The mobilization techniques are supposed to induce several beneficial effects. The neurophysiological effect is based on the stimulation of peripheral mechanoreceptors and the inhibition of nociceptors. The biomechanical effect is the result of forces directed at the joint resistance within the limits of the patient's tolerance. The main functions of joint mobilization are to restore joint mobility and facilitate correct biomechanics of the structures involved. The neurophysiological effect is based on the stimulation of peripheral mechanoreceptors and the inhibition of nociceptors (pain fibers). Nociceptors are unmyelinated nerve fibers, which have a higher stimulation threshold than mechanoreceptors.

Evidence indicates that stimulation of peripheral mechanoreceptors blocks pain transmission to the central nervous system. Wyke hypothesized that this phenomenon is the result of a direct release of inhibitory transmitters within the basal spinal nucleus that inhibits the forward flow of incoming nociceptive afferent activity. Joint mobilization is a method of improving the rate of discharge of mechanoreceptors, thereby reducing the intensity of many types of pain. The biomechanical effect of joint mobilization focuses on direct tension of the periarticular tissue to prevent complications resulting from immobilization and trauma. Lack of stress on the connective tissue causes changes in normal joint mobility. The periarticular tissue and the muscles surrounding the joint show significant changes after periods of immobilization. Frank et al and Akeson et al reported a decrease in water and glycosaminoglycans (GAG, the lubricant of fibrous tissue), an increase in fatty fibrous infiltrates (which can form adhesions as they mature and become scars), an increase in the cross of abnormally positioned collagen - links (which can contribute to the inhibition of slippage of collagen fibers) and loss of orientation of the fibers within the ligaments (a loss that significantly reduces their strength). Passive movement or tension in the tissue can help prevent these changes by maintaining tissue homeostasis. The exact prevention mechanisms are uncertain.


We can understand contraindications to joint mobilization by becoming aware of the common abuses of passive movement. The abuses of passive movement can be broken down into two categories: creating an excessive trauma to the tissue and causing undesirable or abnormal mobility. Improper

techniques, such as extreme force, poor direction of stress, and excessive velocity, may result in serious secondary injury. In addition, mobilization to joints that are moving normally or that are hypermobile can create or increase joint instability. Ultimately, selection of a specific technique determines the contraindications. For example, the very gentle grade I oscillations, as described by Maitland, rarely have contraindications. These techniques are mainly used to block pain. They are of small amplitude and controlled velocity. In contrast, manipulative techniques have many contraindications. Haldeman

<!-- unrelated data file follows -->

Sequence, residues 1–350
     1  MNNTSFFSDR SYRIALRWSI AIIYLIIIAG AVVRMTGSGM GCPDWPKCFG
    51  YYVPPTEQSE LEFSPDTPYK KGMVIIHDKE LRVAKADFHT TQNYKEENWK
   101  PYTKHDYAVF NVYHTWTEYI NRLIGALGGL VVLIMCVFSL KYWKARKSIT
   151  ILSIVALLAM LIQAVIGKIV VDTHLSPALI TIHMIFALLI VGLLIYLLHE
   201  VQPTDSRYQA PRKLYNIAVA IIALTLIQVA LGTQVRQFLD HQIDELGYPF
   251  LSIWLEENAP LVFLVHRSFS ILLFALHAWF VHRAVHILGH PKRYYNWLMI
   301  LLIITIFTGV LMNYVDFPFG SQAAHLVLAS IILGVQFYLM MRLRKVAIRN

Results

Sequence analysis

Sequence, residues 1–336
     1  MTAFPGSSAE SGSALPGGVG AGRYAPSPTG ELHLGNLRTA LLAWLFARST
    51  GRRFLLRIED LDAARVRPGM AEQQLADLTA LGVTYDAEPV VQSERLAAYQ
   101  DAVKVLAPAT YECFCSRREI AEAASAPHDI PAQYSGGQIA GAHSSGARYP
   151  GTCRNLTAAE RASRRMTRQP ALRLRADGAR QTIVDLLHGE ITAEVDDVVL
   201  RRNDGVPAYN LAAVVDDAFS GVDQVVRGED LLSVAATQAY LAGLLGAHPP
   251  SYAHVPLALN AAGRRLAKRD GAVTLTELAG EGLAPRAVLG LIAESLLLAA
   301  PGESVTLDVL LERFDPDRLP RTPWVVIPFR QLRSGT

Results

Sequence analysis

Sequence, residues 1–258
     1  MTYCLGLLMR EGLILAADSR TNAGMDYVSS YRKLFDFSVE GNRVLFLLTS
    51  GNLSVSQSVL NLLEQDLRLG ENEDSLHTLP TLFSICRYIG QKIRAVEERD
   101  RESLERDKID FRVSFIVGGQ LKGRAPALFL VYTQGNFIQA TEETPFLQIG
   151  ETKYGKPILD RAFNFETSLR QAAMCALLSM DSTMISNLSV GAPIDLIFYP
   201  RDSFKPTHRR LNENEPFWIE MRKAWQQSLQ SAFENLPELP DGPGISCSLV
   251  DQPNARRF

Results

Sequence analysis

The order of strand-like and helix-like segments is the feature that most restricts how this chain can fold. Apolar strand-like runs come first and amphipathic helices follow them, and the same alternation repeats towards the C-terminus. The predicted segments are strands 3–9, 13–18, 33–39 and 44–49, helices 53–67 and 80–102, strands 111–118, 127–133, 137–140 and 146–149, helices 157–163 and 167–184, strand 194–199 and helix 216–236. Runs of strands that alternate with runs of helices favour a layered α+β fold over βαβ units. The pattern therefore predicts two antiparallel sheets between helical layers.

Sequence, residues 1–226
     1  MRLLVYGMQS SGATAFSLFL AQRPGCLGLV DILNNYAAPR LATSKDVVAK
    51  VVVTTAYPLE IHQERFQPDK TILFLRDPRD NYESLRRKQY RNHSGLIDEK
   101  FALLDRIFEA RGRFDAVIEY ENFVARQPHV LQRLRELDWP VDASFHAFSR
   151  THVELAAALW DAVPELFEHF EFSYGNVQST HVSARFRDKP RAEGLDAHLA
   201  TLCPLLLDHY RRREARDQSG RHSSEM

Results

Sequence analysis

described the following conditions as major contraindications to thrust techniques: arthritides, dislocation, hypermobility, recent trauma, bone weakness and destructive disease, circulatory disturbances, neurologic dysfunction, and infectious disease.

Principles of Joint Mobilization Techniques:

Specificity of Manual Techniques

Manual therapy techniques are designed to restore intimate joint mechanics. Several general principles should be remembered during application of the techniques. Hand Position The mobilization hand should be placed as close as possible to the joint surface, and the forces applied should be tangent to the joint and directed at the restricted periarticular tissue. The stabilization hand counteracts the movement of the mobilizing hand by applying an equal but opposite force, or by supporting or preventing movement at surrounding joints. Excessive tension in the therapist’s hands during joint mobilization can cause the patient to guard against the mobilization.

Direction of Movement

The direction of movement of mobilization should take into account the mechanics of the joint mobilized, the arthrokinematic and osteokinematic impairments of the dysfunction, and the current reactivity of the involved tissue. However, the major consideration should be moving the humeral head into the restriction or into the barrier. A study that investigated the presence of the cytocontractile protein vimentin in

the connective tissue of patients with adhesive capsulitis demonstrated that contracture resulted from selective involvement of the anterior capsule. The rotator cuff interval, the coracohumeral ligament, and the axillary fold were noted to be the specific areas in the anterior capsule that demonstrated the greatest amount of vimentin. The study showed that fibroplasia, heavy production of type III collagen fibers, involved the entire joint capsule.  The clinical implication of this study is that manual therapy for patients with adhesive capsulitis must focus on the coracohumeral ligament, rotator cuff interval, and axillary fold areas of the anterior capsule. Noevidence of contracture of the posterior capsule was reported.

Specificity of the direction of imposed demand may result in more successful outcomes of manual therapy.

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